In a primitive form, electronic television was already 10 years old by the time Chester Carlson patented the graphic reproduction technology that would become known as Xerography. On June 21, the two world-changing wonders caught up with each other in a televised tribute to Carlson that formed part of a program titled The Vision Thing.

Here’s a preview. For graphic communication buffs, viewing the whole episode will be well worth the time spent. An installment of the Smithsonian series My Million Dollar Invention, The Vision Thing profiles Carlson and three other inventors in whose company he indisputably belongs: Philo Taylor Farnsworth, the farm boy who gave the world television; Maurice Gatsonides, the race car driver who developed the speed camera; and Lyman Spitzer, the father of the Hubble Space Telescope.

This writer says Carlson and his invention stand head and shoulders above the rest, but I’m not entirely objective: I write about xerographic technology, in one way or another, nearly every day; and I’m located in Queens, NY, not far from where Carlson exposed the first such image on October 22, 1938. Personal biases apart, though, it’s wonderful to see him brought to the attention of a mass audience who know his invention at least as well as they know the medium that’s broadcasting the show.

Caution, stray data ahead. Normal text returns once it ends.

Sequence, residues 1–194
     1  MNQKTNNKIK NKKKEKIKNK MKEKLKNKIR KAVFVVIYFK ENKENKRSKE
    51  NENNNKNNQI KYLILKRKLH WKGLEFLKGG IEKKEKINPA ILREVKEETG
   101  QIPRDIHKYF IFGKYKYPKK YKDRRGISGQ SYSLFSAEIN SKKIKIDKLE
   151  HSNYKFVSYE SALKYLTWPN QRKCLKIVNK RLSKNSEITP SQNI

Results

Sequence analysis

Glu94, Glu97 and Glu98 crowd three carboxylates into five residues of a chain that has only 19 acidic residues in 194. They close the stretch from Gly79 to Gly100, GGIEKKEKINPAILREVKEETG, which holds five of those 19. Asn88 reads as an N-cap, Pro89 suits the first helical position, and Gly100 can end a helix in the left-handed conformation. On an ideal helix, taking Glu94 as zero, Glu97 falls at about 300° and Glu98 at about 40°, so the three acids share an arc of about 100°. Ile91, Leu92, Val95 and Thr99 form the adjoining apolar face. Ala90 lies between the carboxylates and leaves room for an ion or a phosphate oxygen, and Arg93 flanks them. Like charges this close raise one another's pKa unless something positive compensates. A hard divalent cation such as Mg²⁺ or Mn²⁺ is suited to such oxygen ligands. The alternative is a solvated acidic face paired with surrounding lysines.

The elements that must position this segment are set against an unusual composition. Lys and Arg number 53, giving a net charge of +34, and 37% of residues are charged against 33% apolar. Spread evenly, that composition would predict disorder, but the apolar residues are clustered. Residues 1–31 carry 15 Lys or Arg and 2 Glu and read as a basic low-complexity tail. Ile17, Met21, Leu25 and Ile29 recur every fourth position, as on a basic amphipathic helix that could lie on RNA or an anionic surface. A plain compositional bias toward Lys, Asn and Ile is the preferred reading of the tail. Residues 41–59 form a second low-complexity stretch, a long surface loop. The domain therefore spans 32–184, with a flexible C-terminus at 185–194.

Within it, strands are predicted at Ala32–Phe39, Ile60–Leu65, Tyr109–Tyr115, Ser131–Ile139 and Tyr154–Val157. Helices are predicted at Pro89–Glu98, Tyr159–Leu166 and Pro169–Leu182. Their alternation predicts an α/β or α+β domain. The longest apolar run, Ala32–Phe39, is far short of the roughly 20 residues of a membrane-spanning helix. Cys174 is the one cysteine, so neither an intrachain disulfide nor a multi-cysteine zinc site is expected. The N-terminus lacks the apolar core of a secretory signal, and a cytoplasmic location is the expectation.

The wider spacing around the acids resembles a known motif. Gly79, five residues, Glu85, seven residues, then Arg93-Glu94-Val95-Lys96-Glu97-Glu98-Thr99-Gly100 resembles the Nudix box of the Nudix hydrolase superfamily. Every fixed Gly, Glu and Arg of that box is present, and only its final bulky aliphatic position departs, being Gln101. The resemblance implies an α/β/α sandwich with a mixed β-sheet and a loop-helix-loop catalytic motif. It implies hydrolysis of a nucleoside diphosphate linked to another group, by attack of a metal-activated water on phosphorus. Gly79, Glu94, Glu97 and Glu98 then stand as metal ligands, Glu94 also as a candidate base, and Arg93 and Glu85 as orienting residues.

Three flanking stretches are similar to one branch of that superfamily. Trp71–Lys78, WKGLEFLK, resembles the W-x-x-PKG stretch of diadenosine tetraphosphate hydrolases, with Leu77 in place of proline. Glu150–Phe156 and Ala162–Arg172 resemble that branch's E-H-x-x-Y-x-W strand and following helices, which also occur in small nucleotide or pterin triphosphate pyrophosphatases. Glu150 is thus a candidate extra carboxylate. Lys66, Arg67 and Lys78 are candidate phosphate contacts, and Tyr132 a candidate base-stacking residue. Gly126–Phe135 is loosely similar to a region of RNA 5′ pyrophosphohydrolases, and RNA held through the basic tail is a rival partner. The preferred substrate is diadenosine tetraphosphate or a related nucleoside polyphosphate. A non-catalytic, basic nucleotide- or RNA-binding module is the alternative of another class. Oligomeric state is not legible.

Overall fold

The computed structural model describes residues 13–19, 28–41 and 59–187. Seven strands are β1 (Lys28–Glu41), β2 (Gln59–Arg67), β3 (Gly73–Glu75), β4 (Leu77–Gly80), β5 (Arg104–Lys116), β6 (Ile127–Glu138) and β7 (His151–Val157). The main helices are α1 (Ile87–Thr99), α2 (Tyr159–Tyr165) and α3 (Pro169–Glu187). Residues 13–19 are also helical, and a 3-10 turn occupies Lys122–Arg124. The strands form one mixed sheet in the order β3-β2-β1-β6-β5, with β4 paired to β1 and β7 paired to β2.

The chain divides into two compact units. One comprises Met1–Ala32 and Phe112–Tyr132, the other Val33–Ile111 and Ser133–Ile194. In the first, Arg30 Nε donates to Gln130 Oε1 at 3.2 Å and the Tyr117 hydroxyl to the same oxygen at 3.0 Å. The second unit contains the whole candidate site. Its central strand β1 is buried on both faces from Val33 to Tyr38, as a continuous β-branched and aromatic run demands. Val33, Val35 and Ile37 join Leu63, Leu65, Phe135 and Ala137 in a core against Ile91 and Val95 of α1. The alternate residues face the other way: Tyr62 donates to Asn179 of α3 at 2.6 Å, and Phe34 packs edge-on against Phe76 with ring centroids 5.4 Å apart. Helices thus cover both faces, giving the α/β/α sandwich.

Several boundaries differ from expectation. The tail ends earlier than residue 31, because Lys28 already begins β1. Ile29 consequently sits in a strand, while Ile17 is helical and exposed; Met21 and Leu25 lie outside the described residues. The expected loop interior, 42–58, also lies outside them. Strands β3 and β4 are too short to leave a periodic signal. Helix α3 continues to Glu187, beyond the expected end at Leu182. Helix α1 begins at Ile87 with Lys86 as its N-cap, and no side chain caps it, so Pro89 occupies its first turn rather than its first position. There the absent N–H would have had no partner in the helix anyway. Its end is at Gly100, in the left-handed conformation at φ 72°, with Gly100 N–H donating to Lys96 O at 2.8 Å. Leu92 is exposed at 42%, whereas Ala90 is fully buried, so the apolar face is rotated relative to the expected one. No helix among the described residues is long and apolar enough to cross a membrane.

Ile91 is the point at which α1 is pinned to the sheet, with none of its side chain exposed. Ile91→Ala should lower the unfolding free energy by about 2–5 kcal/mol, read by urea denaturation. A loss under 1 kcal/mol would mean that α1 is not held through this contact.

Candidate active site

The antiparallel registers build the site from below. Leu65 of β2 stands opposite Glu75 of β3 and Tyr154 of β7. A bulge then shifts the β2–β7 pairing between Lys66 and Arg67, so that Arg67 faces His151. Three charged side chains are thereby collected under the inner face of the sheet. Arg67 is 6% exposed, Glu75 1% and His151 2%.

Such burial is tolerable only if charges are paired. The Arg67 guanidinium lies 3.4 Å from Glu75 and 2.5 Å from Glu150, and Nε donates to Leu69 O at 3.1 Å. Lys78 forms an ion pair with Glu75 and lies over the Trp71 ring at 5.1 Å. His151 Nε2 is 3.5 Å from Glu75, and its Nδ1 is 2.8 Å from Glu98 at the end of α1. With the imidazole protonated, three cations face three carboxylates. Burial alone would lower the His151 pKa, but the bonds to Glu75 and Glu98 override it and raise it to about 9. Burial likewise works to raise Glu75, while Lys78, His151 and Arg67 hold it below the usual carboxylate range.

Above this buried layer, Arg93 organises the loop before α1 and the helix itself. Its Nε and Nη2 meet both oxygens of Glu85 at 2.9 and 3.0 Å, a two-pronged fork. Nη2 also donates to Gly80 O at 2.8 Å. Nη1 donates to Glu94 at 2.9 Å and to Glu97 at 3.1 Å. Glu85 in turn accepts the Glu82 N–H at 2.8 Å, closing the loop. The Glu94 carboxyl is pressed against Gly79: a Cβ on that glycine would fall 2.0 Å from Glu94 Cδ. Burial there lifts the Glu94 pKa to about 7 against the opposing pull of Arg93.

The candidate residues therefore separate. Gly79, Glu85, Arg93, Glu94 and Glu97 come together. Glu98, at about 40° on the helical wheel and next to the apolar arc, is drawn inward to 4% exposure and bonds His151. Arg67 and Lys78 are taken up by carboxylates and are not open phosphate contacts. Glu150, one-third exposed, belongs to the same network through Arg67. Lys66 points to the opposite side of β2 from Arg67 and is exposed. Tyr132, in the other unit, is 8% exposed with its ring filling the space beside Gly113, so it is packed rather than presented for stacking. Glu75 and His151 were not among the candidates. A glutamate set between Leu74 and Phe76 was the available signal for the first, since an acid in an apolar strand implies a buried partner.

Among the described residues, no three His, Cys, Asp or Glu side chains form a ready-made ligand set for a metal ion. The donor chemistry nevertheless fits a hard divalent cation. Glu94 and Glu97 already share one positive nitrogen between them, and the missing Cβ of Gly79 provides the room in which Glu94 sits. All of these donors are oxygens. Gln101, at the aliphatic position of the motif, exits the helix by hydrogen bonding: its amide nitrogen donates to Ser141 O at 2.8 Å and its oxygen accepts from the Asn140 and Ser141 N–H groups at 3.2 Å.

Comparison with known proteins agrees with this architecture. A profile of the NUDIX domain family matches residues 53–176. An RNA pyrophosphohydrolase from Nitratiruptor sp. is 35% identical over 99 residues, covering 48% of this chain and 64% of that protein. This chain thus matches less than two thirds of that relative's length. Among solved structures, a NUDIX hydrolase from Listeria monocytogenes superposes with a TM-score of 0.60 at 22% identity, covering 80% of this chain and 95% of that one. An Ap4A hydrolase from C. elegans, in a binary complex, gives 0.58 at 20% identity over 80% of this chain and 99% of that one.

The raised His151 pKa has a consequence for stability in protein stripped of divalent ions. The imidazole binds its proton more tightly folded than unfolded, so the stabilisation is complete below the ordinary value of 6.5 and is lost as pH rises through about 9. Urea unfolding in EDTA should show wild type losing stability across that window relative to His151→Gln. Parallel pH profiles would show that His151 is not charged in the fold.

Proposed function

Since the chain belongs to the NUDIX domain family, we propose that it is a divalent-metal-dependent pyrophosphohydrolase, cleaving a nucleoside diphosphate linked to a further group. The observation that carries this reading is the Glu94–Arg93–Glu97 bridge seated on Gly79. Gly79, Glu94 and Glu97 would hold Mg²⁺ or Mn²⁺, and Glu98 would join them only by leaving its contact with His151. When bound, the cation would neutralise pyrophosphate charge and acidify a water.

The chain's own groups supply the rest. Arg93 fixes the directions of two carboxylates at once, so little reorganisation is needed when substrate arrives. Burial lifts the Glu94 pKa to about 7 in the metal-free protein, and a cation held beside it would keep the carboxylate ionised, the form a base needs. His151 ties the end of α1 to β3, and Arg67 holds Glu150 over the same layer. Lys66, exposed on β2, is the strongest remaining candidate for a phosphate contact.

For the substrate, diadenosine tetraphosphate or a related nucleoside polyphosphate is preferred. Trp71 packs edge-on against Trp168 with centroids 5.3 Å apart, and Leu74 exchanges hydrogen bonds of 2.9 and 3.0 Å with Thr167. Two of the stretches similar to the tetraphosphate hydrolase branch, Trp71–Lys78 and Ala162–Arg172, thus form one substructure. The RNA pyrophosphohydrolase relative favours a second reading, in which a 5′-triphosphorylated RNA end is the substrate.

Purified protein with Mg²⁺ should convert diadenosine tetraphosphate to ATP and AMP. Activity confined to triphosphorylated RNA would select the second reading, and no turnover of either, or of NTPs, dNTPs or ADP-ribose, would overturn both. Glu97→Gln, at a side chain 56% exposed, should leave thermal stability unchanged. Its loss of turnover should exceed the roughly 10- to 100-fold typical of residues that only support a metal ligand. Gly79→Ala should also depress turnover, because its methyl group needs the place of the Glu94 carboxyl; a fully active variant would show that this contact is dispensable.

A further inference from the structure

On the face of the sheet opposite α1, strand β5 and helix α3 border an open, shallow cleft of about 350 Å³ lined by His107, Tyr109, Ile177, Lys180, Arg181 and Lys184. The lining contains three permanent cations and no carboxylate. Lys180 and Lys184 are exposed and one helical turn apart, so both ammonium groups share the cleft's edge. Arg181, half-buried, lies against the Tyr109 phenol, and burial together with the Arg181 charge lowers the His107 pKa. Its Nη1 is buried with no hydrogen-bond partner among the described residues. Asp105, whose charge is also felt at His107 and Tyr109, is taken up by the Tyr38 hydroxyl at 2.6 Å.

Electrophotography—Carlson’s name for the process before the term “xerography” with a lower-case initial “x” was coined—needs no technical explanation to the readers of WhatTheyThink. As The Vision Thing dramatizes, his genius lay in seeing it as a path to graphic reproduction where nobody else had thought of looking for one. What may not be as widely known is the difficulty that Carlson and his corporate partners faced in monetizing the miracle of reproducing text and images without litho or letterpress plates, type, ink, or chemistry—a breakthrough that, like other game-changing advances in the graphic arts, took time for the industry to digest and appreciate.

Carlson’s quest for xerography began early in a life that brought him illness, struggle, and many setbacks before it rewarded him with success. As the teenaged owner of a second-hand printing press, he produced two issues of a magazine for amateur chemists that went nowhere as a publication but pointed the greater way to his life’s work. The experience, he was to recall. “did impress me with the difficulty of getting words into hard copy, and this, in turn, started me thinking about duplicating processes.”

As a clerk in a patent office (a position also on the résumé of Albert Einstein), Carlson found what he was looking for in the then little-explored science of photoconductivity. Having applied on October 18, 1937 for the first of 28 xerographic patents he would base upon photoconductive techniques, the inventor undertook a series of experiments that he began in the kitchen of his Astoria, Queens home and later transferred to a makeshift lab over a neighborhood bar and grill.